The former being down at $7,109,918 from $7,349,243, and the latter down at $1,213,028 from $1,274,655, while appropriation for depreciation is up at $1,890,738 from $1,834,880.

But that is not all. I want to give the House a few more figures.

Net revenue shows a gain of over $800,000, at $8,693,688 as compared with $7,890,026. Respecting the issue during the year of $30,000,000 of bonds is an increase in fixed charges to $1,611,121 from $1,213,650.

And I think we know what these figures are. They are a melon cut for the shareholders.

Leaving net earnings available for dividends on the 2,041,837 shares of capital stock outstanding at $7,082,567, or the equivalent of $3.47 a share; this compares with net earnings of $6,676,376 for the year 1925, equal to 10.32 per cent, (or $3.44 per share figured on the basis of the recent 3 for 1 split).

I think we all have an idea what is meant by the three for one split, and this corporation split their shares three for one.

Dividends absorbed the sum of $5,135,041 as compared with $5,119,091 in 1925, and surplus for the year at $1,869,482, compares with $1,537,285.

Georgian Bay Canal Company

Now, Mr. Speaker, a public-owned utility does not publish balance sheets of this character, it does not split up shares three to one. Instead of paying cash dividends out of surpluses, the public-owned utility gives its customers reduced rates and better service. Therefore the people of Toronto and Winnipeg and other large centres where these publicly-owned utilities are operating get the benefit of rates which are about fifty per cent lower than those prevailing in, say, Montreal, and probably in other cities throughout the province of Quebec. But the communities where public-owned utilities are operating have a further advantage. Probably there is not a city on the North American continent where on the basis of population as much electricity is used as in Winnipeg. There we try to bring it into the homes of all the people. We try to make the lot of the housewife easier, and in the average household in Winnipeg you will find an electric stove and other equipment, all of which lightens the work of the housewife and improves the conditions of the home. I can say of my own knowledge that private ownership never displayed the initiative that is so conspicuous Tinder public ownership in the city of Winnipeg.

I have another objection to the bill. As a layman, I take it that the bill gives to the company a perpetual franchise. I believe there is a clause somewhere, perhaps in the old bill, which gives to the government the right of expropriation. I have some idea of what expropriation proceedings are, and I can understand how7 much a private corporation would demand for surrendering a perpetual franchise; the amount required would be staggering. So I cannot for the life of me see why we should give to a private corporation these valuable privileges and at a subsequent period buy them back for millions and millions of dollars. Undoubtedly the safest course will be to see that the promoters do not get a renewal of this franchise, and thus save ourselves the expense of expropriating their franchise at a later period. But I am asked by those who are sponsoring this bill, "Why not send it to the committee and discuss it there?" I do not see the reasonableness of myself and others who are opposed to the bill being required to go before the committee with our objections. I believe it is the safer policy to express my opinion now on the floor of the house and show where I stand, rather than wTait until the bill comes back from the committee after having received its second reading.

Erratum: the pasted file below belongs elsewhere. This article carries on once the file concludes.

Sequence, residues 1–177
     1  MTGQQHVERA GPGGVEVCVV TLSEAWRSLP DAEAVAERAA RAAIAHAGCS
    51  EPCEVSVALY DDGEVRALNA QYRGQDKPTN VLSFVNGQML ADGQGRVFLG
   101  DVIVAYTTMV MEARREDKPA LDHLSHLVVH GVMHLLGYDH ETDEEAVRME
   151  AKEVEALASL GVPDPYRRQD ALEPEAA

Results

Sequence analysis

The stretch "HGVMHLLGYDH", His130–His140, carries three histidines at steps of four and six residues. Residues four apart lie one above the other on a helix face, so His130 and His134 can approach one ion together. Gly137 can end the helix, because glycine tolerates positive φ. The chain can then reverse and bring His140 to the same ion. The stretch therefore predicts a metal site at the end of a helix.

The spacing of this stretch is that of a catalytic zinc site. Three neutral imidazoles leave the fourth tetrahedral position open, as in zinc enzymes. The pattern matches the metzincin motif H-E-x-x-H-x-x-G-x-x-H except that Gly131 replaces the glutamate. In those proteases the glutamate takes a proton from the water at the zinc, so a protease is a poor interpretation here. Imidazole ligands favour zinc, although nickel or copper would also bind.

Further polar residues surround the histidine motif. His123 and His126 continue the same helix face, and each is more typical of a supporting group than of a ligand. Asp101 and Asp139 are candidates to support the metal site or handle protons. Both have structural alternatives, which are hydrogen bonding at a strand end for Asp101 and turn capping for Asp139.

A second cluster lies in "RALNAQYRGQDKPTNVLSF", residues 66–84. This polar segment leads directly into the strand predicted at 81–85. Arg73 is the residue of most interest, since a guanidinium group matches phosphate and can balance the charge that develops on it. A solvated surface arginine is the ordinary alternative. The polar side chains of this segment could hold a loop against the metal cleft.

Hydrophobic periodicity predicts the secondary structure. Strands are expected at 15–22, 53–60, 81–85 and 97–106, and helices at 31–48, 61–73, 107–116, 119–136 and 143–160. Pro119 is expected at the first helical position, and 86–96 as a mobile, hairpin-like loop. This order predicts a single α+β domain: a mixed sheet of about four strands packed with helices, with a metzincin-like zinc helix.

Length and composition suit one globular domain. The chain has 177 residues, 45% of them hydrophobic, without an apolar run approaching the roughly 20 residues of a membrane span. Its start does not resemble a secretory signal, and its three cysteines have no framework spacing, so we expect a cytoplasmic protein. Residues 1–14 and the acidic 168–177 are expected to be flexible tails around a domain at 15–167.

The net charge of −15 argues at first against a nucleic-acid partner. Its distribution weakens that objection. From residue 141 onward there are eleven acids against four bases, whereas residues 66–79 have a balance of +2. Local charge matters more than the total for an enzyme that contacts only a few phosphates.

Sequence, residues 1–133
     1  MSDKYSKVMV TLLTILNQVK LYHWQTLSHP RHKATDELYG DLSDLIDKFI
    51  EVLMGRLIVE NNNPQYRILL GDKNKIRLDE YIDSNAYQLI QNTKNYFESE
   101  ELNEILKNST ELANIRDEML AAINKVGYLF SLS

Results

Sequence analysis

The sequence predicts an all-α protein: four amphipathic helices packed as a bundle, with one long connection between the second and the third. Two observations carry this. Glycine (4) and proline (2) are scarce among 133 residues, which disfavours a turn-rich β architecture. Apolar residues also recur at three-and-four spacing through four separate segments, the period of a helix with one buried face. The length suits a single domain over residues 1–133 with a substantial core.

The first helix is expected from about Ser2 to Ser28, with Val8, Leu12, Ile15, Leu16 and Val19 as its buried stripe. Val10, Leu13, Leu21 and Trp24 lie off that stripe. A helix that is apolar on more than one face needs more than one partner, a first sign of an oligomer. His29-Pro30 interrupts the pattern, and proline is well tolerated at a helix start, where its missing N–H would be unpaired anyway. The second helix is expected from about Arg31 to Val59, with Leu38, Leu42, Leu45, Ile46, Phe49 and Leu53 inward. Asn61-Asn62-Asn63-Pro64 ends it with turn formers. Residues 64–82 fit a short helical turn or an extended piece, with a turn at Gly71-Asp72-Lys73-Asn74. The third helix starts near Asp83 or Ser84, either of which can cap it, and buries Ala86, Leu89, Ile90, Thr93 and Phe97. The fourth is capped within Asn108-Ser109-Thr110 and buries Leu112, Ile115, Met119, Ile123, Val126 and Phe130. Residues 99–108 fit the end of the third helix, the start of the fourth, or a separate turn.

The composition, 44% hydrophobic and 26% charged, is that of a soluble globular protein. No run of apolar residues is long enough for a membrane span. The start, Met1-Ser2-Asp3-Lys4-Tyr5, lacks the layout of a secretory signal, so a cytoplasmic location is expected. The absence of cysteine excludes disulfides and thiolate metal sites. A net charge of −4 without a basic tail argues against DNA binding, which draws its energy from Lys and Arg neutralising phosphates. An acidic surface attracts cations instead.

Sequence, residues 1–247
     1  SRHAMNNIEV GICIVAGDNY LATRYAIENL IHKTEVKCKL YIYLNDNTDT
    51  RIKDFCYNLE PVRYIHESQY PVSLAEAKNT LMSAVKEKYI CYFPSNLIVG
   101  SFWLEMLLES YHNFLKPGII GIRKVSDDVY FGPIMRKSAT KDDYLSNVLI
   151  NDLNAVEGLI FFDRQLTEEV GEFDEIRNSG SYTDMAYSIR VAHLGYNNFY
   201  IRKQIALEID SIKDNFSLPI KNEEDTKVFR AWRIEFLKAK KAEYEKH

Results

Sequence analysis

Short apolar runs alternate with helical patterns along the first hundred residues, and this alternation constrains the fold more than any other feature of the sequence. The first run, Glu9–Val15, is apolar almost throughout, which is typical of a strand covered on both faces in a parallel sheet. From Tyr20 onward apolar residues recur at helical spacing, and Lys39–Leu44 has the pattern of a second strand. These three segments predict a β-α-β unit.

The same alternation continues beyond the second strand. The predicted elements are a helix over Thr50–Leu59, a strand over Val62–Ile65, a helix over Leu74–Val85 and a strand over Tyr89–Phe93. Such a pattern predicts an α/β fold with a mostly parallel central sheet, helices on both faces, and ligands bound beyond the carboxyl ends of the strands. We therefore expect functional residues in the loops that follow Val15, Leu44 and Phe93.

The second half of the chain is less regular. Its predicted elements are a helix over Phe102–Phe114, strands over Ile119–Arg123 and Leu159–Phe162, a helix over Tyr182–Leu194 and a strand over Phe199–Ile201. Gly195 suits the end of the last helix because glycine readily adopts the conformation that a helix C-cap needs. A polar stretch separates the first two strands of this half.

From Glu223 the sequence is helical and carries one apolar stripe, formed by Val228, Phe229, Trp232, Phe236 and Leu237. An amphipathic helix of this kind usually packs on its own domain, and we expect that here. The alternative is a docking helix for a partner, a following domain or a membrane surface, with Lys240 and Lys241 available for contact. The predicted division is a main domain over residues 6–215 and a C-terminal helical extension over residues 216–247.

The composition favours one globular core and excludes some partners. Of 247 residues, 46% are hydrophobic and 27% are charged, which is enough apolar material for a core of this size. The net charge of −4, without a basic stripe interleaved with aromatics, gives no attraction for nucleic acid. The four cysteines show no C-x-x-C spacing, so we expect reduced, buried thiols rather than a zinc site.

In dealing with this question I think we ought to take into consideration, Sir, the fact 32649-61J ,

that the legislature of Ontario is to-day discussing this identical question and, according to newspapers, a resolution is to be framed in such a way as to meet the wishes of all parties there-the conservative party, the liberal party, the progressive party and the labour party. They will all unite on a resolution asking this parliament to preserve the rights which belong to the province. In view of this we ought to pause a long time before we do anything which would in any way infringe on the rights of Ontario and give to a private corporation something which really belongs to the people of that province.